The European Union and Canada are near signing an historic $28 billion free trade agreement but a row over the labeling of Canadian oil as "dirty" in Europe could still threaten the trade agreement.
Joe Oliver, Canada's minister of natural resources, told CNBC that deal was "imminent" but that a "discriminatory, non-scientific approach by Europe" to counting greenhouse emissions would harm Europe's economy and refinery industry.
Negotiations between the EU and Canada over extending and improving upon an existing trade agreement began in 2009 but have met with stumbling blocks along the way including, most recently,an argument over the labeling of fuel in Europe.
The value of bilateral trade in goods between the EU and Canada was 60.2 billion euros ($90 billion) in 2011 with Canada the EU's eleventh most important trading partner, accounting for 1.8 percent of the EU's total external trade. In the same year the EU was Canada's second most important trading partner, after the U.S., with around 12 percent of Canada's total external trade, data from the European Commission showed.
During a week-long lobbying trip to Europe, Oliver accused the EU of breaking international trade rules and discriminating against Canadian exports.
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Oliver did not exclude the possibility of taking the matter to the World Trade Organization (WTO) if the EU went ahead with labeling crude from Canada's oil sands as dirty oil that contributes disproportionately to global warming.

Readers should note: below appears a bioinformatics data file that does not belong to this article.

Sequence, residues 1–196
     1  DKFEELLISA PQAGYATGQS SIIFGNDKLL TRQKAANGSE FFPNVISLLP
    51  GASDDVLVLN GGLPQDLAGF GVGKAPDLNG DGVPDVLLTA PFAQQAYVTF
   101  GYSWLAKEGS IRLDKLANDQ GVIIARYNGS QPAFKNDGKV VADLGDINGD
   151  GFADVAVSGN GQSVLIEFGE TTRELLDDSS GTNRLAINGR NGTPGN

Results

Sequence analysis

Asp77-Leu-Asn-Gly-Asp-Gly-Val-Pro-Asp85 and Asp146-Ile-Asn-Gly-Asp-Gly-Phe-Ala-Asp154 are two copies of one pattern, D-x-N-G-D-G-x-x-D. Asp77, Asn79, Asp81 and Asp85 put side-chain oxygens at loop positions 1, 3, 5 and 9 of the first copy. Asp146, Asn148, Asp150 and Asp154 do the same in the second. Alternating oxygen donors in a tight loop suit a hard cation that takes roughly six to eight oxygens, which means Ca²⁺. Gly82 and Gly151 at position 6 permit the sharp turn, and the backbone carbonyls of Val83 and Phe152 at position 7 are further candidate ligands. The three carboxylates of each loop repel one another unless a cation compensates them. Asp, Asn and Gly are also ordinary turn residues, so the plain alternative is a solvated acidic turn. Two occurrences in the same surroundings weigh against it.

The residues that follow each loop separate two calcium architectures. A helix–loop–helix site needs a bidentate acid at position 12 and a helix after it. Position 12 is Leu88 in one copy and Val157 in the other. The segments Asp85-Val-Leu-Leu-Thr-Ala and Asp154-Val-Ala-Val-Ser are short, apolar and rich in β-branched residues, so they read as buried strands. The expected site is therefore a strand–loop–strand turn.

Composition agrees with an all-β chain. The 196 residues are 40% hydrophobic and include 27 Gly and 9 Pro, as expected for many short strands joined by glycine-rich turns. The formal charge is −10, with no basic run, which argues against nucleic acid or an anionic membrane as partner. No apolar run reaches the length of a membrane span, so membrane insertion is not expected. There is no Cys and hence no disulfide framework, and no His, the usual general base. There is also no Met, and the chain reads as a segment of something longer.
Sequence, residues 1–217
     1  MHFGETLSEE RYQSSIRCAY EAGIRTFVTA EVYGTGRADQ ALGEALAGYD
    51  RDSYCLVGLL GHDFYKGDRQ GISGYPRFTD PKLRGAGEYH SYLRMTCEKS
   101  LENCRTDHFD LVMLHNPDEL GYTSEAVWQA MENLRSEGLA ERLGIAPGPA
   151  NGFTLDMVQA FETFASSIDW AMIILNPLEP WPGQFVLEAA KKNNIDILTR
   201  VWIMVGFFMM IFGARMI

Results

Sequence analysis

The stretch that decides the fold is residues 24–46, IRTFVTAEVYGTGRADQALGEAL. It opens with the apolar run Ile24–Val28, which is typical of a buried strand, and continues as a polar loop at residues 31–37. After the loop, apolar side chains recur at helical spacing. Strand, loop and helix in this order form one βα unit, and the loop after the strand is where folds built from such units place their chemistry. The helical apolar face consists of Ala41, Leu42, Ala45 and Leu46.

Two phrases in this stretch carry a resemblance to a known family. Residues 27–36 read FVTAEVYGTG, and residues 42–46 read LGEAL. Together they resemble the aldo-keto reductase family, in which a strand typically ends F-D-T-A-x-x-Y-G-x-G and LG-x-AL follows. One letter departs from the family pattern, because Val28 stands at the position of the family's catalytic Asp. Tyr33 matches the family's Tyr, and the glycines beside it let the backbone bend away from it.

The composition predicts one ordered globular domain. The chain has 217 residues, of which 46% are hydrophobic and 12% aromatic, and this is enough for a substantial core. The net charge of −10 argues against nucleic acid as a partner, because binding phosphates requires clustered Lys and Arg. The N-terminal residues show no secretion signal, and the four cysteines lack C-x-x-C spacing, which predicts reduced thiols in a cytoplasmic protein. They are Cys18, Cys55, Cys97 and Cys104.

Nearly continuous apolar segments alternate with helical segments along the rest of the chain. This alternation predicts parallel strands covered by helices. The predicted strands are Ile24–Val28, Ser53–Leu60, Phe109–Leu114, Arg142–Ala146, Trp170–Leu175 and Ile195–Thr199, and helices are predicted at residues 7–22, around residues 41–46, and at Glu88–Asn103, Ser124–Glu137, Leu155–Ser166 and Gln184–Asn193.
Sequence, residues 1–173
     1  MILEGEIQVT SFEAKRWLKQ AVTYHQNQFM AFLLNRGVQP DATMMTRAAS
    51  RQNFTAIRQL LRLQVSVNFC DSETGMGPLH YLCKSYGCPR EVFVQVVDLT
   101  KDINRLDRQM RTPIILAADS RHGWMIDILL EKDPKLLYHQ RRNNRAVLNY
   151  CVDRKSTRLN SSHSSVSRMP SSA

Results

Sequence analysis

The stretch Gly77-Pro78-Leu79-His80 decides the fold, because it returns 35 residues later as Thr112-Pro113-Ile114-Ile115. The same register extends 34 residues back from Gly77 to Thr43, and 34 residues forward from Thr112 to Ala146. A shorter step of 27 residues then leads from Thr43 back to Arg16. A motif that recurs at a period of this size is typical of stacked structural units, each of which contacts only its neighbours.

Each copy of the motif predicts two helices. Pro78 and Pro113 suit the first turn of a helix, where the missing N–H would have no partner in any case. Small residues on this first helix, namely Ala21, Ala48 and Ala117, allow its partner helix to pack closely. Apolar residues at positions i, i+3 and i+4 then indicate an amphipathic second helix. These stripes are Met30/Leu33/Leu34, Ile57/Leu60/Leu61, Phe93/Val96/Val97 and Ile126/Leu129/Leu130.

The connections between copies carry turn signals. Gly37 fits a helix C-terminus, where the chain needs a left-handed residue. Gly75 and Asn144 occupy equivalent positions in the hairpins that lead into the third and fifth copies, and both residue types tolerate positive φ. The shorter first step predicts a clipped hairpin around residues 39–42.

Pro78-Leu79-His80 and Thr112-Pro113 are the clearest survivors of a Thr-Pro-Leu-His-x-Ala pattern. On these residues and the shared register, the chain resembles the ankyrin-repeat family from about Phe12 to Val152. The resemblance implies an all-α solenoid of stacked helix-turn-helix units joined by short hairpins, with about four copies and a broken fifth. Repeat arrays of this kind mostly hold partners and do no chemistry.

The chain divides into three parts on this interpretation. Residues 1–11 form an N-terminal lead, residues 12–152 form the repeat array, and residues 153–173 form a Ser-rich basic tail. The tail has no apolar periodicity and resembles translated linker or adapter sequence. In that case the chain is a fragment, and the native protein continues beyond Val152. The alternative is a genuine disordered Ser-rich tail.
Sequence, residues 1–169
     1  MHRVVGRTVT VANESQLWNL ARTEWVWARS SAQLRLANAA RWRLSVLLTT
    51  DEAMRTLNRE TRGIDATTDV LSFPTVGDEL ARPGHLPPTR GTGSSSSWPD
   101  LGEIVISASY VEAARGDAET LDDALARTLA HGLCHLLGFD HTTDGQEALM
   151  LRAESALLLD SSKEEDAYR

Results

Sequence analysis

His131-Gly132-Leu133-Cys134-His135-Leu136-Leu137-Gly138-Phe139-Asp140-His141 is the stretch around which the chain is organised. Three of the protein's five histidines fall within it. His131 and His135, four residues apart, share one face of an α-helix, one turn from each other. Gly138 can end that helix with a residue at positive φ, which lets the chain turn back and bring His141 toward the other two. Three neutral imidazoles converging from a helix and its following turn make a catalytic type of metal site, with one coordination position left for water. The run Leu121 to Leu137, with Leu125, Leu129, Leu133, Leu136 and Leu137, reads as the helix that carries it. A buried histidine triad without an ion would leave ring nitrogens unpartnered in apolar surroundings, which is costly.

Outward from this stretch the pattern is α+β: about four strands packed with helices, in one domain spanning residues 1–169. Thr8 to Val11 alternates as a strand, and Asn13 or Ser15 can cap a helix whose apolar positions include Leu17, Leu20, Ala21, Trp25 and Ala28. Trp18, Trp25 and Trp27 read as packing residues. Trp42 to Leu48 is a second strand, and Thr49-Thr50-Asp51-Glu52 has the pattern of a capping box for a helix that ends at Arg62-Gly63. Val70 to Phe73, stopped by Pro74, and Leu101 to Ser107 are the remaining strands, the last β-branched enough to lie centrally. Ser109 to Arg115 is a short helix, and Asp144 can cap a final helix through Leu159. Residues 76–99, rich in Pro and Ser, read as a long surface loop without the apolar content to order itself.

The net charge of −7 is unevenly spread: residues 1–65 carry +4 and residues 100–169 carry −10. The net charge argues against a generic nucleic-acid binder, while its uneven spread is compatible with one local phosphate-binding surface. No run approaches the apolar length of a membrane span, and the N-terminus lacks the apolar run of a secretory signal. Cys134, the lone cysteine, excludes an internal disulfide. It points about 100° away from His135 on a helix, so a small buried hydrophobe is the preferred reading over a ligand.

"If this arbitrary proposal is not changes, we will have to look at all our alternatives, of which the WTO is one," he told CNBC Europe's "Squawk Box." "If we need to we will definitely consider it."
Oliver was confident that the issue would not derail the trade agreement.
"The [Fuel Quality Directive and the free trade deal] are entirely separate issues. The Europeans and Canada both want to keep these issues separate that's always been the position.The future trade deal - which I hope is imminent – will be very good for Europe and very good for Canada," he said.
EU leaders are well aware of the need for the region to re-assess its energy needs. At an EU summit later in May, EU heads of state are expected to discuss how to lower Europe's burgeoning energy costs and boost the region's competitiveness, according to a draft document detailing the summit agenda reported by Reuters this week.
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"The issue of competiveness for Europe has become increasingly important," Oliver said. "This[fuel directive] could potentially cut off a source of energy for Europe- it'snot in our interest but it's certainly not in [the Europeans] interest because it has a long-term need for diversified supply… If they don't want our oil we'll find other places."
-By CNBC's Holly Ellyatt, follow her on Twitter @HollyEllyatt